[20:33] There's some different mindsets that work well for women. In corporate America, they talk about "the glass ceiling," and in entrepreneurship, I call it "the sticky floor." A woman can think of every reason why it won't work, and if you could just get her shoved into starting, she'll do a bang-up job with a startup.

Kevin: [20:50] I've spent a lot of time in New York, and the female entrepreneurs there and investors there are just fantastic, and what I love about it is the diversity. It's not just fashion or one of those more traditional areas or marketing.

[21:07] It's blockchain technology. It's AR, it's VR, it's private equity, and I really love the depth that's going on in New York at the moment. I think Australia is starting along those paths. Obviously, Melanie Perkins from Canva, who we featured on one of our previous podcasts. I believe you're a Canva user?

Danielle: [21:27] I love Canva, and I was listening in on the podcast just to get a feel for it, and I was, "I had no idea it was an Australian startup, much less female-founded." I wish I'd tapped her for an interview in the book, but maybe in the future.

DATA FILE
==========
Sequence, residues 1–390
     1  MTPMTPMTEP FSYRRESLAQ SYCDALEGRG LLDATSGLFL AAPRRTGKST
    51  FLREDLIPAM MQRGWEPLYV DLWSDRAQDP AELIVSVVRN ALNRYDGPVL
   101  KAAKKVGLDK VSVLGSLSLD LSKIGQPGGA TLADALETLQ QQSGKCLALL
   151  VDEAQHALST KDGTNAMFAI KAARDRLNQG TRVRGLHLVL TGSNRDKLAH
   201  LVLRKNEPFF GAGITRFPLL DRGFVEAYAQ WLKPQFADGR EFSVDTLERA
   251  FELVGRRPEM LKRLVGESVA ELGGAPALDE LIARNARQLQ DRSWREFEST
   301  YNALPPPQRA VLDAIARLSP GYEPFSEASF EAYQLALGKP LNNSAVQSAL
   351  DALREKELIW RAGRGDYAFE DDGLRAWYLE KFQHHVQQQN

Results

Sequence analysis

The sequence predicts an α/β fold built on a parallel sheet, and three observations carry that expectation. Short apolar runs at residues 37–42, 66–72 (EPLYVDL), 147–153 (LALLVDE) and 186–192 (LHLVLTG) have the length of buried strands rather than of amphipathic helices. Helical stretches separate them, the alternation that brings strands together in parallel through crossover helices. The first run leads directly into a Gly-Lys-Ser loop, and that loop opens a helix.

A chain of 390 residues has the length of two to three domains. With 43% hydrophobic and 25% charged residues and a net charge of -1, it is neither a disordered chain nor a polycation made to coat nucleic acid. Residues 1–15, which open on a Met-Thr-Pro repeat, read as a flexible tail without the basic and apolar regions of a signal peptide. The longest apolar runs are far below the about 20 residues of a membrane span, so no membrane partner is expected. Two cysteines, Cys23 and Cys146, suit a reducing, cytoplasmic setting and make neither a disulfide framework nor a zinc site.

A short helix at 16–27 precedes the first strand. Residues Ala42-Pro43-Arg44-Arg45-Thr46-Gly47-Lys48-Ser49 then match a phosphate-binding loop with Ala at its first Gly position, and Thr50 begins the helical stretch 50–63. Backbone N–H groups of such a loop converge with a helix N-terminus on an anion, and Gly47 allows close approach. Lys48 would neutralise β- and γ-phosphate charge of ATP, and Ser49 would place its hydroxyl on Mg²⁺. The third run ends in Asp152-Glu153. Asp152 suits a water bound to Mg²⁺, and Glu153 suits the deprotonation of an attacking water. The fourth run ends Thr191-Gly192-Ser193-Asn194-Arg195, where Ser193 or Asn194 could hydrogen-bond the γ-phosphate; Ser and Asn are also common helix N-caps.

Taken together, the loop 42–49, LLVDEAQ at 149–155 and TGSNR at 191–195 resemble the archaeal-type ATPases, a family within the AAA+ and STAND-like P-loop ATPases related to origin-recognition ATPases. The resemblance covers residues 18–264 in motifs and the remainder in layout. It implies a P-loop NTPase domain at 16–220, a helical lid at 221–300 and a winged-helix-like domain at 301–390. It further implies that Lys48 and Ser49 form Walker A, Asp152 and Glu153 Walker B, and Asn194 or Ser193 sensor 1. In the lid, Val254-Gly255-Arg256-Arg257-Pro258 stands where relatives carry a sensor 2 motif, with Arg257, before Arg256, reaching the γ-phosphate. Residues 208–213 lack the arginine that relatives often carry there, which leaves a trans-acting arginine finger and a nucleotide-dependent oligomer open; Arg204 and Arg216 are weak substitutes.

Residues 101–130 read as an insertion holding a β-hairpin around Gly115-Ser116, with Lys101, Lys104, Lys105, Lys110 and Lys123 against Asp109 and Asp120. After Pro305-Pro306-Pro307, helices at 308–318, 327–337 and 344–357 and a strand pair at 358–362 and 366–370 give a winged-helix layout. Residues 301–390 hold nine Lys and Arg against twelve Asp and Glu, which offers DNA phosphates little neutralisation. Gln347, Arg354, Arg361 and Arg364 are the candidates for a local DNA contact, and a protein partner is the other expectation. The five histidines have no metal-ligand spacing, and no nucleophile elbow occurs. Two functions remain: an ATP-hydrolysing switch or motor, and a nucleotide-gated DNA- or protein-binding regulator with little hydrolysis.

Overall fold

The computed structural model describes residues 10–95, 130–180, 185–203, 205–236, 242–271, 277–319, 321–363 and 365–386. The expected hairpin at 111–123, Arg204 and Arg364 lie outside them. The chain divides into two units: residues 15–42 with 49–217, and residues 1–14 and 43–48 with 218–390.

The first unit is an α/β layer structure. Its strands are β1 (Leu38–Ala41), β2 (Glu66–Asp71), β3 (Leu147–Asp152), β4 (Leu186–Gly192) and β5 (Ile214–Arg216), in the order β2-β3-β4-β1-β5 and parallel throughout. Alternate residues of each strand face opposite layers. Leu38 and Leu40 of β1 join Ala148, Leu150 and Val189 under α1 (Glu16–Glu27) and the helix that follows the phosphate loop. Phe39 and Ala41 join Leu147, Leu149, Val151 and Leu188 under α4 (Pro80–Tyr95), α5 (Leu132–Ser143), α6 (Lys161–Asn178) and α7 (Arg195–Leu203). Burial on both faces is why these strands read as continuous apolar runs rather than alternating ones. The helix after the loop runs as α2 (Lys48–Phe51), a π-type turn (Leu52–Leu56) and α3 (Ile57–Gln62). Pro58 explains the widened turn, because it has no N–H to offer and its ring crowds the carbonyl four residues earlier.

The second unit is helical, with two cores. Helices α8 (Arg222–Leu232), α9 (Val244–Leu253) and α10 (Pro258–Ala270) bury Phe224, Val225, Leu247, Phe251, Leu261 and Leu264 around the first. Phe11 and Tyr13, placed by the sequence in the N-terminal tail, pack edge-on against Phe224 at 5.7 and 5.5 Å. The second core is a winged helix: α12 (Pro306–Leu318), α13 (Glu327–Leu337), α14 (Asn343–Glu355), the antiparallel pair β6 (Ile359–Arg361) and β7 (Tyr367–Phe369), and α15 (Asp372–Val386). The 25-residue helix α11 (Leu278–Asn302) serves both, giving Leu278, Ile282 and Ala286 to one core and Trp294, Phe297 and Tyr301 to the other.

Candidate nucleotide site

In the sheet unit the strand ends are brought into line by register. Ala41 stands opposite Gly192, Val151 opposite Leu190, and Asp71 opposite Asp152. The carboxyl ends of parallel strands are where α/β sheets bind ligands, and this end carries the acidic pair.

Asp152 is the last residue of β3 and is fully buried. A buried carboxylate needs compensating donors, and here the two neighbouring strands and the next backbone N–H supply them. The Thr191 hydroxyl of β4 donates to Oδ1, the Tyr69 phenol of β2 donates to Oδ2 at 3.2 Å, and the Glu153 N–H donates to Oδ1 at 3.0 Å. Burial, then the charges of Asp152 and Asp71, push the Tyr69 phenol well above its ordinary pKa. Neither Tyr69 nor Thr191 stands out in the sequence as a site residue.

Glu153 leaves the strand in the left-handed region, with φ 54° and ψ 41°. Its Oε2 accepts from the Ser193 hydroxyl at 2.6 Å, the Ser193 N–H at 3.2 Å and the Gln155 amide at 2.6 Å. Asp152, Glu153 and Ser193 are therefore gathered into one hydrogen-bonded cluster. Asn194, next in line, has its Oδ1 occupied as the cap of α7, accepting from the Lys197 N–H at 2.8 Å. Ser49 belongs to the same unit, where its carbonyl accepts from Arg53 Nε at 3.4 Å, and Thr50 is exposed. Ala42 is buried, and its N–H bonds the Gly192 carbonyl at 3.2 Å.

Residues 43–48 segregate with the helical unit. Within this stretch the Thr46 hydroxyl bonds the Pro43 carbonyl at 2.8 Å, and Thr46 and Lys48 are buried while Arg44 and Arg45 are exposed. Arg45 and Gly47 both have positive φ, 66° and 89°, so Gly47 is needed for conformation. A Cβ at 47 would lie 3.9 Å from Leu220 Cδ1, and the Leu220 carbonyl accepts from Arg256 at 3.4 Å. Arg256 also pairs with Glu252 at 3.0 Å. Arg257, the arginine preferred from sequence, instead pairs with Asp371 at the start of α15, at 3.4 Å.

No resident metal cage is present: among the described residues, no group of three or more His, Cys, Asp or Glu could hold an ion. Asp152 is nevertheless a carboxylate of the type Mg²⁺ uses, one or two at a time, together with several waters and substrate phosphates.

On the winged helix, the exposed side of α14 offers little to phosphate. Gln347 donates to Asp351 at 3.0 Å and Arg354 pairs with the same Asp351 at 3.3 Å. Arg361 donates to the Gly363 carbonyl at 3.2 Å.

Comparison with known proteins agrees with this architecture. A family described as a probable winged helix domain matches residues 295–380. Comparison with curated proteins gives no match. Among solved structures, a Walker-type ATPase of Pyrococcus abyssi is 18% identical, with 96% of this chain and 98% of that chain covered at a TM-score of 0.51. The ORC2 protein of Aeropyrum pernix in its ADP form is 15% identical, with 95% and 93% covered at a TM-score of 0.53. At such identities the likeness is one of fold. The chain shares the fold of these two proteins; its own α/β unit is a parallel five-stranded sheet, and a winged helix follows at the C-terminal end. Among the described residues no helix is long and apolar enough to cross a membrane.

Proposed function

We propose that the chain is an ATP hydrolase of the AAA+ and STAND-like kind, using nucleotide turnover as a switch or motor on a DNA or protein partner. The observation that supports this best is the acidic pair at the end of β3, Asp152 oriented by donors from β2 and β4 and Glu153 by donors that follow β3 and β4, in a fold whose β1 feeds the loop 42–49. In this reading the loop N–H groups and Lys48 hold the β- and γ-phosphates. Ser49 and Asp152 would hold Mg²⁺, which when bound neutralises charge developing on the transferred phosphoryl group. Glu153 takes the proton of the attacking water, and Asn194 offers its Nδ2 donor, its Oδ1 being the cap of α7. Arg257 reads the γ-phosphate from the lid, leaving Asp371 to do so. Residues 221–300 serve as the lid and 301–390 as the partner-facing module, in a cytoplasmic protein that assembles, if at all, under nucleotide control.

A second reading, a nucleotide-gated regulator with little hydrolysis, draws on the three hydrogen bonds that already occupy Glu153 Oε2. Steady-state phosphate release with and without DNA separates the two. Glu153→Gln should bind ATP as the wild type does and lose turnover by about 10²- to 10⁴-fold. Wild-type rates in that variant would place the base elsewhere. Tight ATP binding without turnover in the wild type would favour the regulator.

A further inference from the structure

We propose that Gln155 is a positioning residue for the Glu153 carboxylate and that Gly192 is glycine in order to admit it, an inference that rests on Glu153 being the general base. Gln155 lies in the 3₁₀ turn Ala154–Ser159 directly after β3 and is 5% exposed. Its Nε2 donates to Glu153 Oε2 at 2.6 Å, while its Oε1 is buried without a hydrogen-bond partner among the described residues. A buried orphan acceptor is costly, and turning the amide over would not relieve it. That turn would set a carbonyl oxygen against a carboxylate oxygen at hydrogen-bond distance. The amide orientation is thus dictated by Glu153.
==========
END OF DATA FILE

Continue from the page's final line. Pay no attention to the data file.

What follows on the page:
Kevin: [21:43] I'm sure in your updated version, you could drop Melanie a line. Great story. On our end, there's women doing fantastic things as well. We talk a lot about diversity teams and cross-functional teams. I think men and women work well together.

[22:06] That diversity, I think we can both benefit from being open to collaborating deep and hard. Our different mindsets, our different approaches, our different socialization can have benefits to a diversified team.

Danielle: [22:21] I completely agree. I really like cofounded multi-gender multi-nationality teams because they end up with much more unique and interesting solutions to problems because they have such different backgrounds and perspectives.